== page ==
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Re: [at-l] quotes



>
>To: Douglas K Gibbons <douglasg@nlnet.nf.ca>
>From: rhymworm@mindspring.com (Robert Rubin)
>Subject: Re: [at-l] quotes
>Cc:
>Bcc:
>X-Attachments:
>
>>All these quotes, poems, epigrams, etc have been wonderful (nice
>>to see "Road Not Taken" in its entirety).....but are there any original
>>works out there, composed by hikers themselves (perhaps even written on
>>the AT)? Come on poets! Show your stuff! Genius has a boldness to it!
>>
>>ps don't be shy.......
>>pss you may be quoted decades hence....think about it....(honest)...
>
>Okay Doug, you asked for it. Here are parts 1-2 of a 5-part AT poem that I
>hope to finish before I begin my thruhike. This is coming from a guy whose
>shelter register entries usually rhyme.
>
>                THE PATH
>i.
>
>Unless you know to look you'll drive past it,
>and never see the track that boots erode,
>the woods-hooded eyewhite stare splashed upon
>a poplar trunk a few steps from the road;
>
>only the chlorophyl-bright yards, the lawn
>ornaments and shorn boxwood, the swelling
>impoundment of strip mall culture that backs
>from urban dams up blacktop bays, smelling
>
>of diesel and mown fescue: billboard facts
>of who you are and how you live that blur
>outside your windows until you forget
>the journey's end to which the signs refer.
>
>Still, it abides: the path--obscure and yet
>impossible to miss once you have seen.
>It disappears into a strip of woods,
>insinuates its way, within its green
>
>enframement, through suburban neighborhoods,
>emerging at the margin of blue hills
>that, as a boy, your father flew you once
>above. You know that valley, with its creeks, rills,
>
>dirt roads, brown summer fields, far riverfront's
>meandering verge--its stippled orchardsquare
>a wicker-woven basket for your dreams--
>and wonder if the path still leads you there.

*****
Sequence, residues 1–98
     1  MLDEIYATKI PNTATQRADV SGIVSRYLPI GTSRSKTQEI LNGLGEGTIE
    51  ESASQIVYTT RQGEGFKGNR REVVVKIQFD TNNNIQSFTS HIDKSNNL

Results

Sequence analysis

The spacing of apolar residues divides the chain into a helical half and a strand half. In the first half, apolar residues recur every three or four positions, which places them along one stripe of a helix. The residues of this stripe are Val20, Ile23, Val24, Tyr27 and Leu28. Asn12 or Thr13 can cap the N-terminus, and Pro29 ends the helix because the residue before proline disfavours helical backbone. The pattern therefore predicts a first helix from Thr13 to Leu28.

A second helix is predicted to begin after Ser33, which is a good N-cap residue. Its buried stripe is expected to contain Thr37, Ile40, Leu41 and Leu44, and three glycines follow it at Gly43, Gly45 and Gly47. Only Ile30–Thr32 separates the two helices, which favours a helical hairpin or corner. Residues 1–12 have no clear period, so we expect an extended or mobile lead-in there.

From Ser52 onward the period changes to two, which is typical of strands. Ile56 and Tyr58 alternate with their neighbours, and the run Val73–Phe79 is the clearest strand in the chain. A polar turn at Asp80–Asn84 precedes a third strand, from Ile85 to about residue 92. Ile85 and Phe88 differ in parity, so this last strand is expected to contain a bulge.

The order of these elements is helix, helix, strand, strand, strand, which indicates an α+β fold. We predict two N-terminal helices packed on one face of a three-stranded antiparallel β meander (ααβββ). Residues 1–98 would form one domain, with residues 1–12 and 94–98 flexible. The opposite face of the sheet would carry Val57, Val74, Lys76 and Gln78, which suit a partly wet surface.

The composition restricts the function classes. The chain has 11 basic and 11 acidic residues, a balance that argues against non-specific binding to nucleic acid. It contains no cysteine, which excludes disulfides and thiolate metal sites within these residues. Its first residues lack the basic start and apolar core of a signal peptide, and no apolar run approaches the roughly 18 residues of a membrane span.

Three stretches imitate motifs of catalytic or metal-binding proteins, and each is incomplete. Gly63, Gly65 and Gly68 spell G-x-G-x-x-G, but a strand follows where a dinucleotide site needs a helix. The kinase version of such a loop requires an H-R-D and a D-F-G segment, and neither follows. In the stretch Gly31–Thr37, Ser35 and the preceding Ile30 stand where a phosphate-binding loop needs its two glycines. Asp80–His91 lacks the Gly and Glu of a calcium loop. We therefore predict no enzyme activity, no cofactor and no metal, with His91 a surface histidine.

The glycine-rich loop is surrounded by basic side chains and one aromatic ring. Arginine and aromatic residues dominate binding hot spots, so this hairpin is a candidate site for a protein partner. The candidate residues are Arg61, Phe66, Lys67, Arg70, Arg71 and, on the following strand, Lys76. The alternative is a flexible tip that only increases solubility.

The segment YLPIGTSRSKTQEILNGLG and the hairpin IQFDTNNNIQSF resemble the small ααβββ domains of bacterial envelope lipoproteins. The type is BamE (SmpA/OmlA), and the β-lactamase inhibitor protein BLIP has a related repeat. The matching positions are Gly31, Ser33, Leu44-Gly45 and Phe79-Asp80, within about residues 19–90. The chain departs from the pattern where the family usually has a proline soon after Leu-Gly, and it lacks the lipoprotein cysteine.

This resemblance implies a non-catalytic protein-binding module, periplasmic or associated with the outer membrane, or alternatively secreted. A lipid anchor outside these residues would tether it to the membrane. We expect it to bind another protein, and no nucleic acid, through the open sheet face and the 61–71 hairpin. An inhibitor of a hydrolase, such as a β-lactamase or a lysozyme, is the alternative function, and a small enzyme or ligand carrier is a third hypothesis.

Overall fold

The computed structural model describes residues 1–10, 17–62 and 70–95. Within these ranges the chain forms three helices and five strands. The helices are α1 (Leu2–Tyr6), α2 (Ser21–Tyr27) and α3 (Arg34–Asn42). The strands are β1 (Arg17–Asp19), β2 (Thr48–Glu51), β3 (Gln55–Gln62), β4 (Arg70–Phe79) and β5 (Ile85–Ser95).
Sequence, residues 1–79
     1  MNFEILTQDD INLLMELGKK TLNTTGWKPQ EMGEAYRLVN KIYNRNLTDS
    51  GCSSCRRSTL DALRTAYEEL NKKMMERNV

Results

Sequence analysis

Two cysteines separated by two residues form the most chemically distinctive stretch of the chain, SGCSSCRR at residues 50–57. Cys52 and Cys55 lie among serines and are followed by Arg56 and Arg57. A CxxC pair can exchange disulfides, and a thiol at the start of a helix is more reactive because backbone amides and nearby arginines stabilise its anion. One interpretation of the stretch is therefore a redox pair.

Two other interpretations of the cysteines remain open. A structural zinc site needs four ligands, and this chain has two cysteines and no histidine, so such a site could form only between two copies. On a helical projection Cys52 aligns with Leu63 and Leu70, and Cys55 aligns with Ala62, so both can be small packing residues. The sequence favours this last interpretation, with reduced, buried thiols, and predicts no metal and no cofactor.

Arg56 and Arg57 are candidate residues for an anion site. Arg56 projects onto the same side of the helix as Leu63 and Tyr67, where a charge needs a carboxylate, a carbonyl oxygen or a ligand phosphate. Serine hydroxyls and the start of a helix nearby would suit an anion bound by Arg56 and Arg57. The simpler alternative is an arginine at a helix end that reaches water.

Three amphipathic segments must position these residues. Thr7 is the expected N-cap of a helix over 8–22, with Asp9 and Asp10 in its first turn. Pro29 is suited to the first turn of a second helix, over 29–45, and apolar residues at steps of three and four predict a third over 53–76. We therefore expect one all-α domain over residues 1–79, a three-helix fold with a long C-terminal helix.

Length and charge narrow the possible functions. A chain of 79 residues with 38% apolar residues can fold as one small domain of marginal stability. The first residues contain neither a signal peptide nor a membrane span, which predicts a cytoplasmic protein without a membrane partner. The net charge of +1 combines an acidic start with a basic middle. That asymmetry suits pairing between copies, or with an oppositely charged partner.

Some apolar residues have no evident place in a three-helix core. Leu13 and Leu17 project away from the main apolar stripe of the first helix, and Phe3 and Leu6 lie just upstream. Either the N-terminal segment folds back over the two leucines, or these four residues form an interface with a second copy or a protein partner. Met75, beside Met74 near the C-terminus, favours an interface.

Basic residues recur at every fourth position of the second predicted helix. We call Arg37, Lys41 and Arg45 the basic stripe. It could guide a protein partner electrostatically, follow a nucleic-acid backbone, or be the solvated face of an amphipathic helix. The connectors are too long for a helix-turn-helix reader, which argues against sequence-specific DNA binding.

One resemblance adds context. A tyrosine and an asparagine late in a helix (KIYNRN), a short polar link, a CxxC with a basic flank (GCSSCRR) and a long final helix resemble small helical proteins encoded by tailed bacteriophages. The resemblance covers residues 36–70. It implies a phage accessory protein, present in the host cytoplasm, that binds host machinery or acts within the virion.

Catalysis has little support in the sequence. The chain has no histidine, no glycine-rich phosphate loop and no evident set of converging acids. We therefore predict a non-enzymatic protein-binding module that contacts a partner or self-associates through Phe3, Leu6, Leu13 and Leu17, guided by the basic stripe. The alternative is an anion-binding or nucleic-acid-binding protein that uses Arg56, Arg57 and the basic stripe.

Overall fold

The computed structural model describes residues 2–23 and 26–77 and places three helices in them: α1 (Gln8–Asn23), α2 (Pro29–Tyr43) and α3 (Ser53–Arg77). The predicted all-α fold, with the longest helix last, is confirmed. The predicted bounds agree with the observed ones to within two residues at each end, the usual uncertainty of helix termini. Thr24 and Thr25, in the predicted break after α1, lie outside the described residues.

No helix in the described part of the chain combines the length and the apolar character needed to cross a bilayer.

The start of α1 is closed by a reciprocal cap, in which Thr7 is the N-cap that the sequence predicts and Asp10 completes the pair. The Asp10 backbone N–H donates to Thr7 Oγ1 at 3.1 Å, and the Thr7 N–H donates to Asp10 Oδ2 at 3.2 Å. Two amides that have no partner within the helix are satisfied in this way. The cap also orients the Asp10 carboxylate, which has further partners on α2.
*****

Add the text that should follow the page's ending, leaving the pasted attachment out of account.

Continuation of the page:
>
>ii.
>
>MacKaye envisioned it, one of those schemes
>we'd jeer today, a crackpot's windmill-tilt
>utopia upon a mountain ridge.
>But his America was that which built
>
>the steel roads heading west, the Brooklyn Bridge;
>that armed a million men to end a war;
>a bull moose of a land that blundered on
>impervious to pain, just as T.R.
>
>shrugged off an assassain's bullet. No dawn
>of doubt dismayed MacKaye, nor Avery,
>nor those who shouldered shovel, hoe and axe.
>The age's ills--class wars, wage slavery,
>
>Great Men, armed masses--these were simply facts
>attesting to "the problem of living."
>Let maquisards and markets liquidate
>themselves! for beneath all, unforgiving
>
>gears turned, wires hummed: machines to separate
>the head and heart, efficiency to chain
>and not to liberate as Edisons
>would have us think. Instead, this half-insane
>
>idea: a footpath through the wild that runs
>along the Appalachians' spine and takes
>the walker high enough to see beyond
>strait circumstance, delusions and mistakes.
>
>
>(c) 1996 by the Rhymin' Worm, do not repost without permission.
>
>Rhymin' Worm
>(Robert Rubin)
>rhymworm@mindspring.com
>GA > ME '97 (April 1 starter)
>

Robert Rubin
RHYMWORM@mindspring.com
Newsletter Editor, PIEDMONT APPALACHIAN TRAIL HIKERS
http://www.ansouth.net/~dchildre/path.html


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==============================================================================
Cc:            at-l@saffron.hack.net, atml@trailplace.com
From:          Beau Bushor N1MJD <bushor@lemming.uvm.edu>
Date:          Sat, 25 Jan 1997 21:46:09 -0500 (EST)
Subject:       [at-l] Re: Weighing gear
Content-type:  TEXT/PLAIN; charset=US-ASCII

Hello All,

	I weigh my things at the local post office.  There is a postal
scale in the lobby.  Be careful with full fuel containers.  They get weird
when they see them.  Learned the hard way on that day.  Federal court is
upstairs and the Federal Marshals don't have a sense of humor.  A local
Pack and Ship has allowed me to weigh stuff. Try to avoid real busy times
and most places will let you use their scales.  Most people are fascinated
with what you have and what your planning to do. 

Beau Bushor N1MJD
  "bleeder guy"
Burlington, Vermont


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